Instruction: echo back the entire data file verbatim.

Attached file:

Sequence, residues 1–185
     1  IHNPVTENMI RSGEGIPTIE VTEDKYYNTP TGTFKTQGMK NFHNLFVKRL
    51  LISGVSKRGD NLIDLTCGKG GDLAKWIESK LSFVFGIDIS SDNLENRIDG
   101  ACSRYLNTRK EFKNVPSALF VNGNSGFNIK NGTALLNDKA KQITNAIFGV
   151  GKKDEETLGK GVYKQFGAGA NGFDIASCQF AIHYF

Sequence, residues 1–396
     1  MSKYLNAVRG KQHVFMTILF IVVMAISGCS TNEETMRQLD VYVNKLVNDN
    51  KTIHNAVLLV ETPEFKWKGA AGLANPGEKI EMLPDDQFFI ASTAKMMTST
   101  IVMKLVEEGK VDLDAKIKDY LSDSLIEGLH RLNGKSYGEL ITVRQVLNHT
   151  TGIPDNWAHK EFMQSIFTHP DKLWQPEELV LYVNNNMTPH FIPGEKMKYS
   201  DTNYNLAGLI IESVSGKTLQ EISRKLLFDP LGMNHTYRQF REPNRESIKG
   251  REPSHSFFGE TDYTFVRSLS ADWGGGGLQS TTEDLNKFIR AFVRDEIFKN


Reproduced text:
Sequence, residues 1–185
     1  IHNPVTENMI RSGEGIPTIE VTEDKYYNTP TGTFKTQGMK NFHNLFVKRL
    51  LISGVSKRGD NLIDLTCGKG GDLAKWIESK LSFVFGIDIS SDNLENRIDG
   101  ACSRYLNTRK EFKNVPSALF VNGNSGFNIK NGTALLNDKA KQITNAIFGV
   151  GKKDEETLGK GVYKQFGAGA NGFDIASCQF AIHYF

Sequence, residues 1–396
     1  MSKYLNAVRG KQHVFMTILF IVVMAISGCS TNEETMRQLD VYVNKLVNDN
    51  KTIHNAVLLV ETPEFKWKGA AGLANPGEKI EMLPDDQFFI ASTAKMMTST
   101  IVMKLVEEGK VDLDAKIKDY LSDSLIEGLH RLNGKSYGEL ITVRQVLNHT
   151  TGIPDNWAHK EFMQSIFTHP DKLWQPEELV LYVNNNMTPH FIPGEKMKYS
   201  DTNYNLAGLI IESVSGKTLQ EISRKLLFDP LGMNHTYRQF REPNRESIKG
   251  REPSHSFFGE TDYTFVRSLS ADWGGGGLQS TTEDLNKFIR AFVRDEIFKN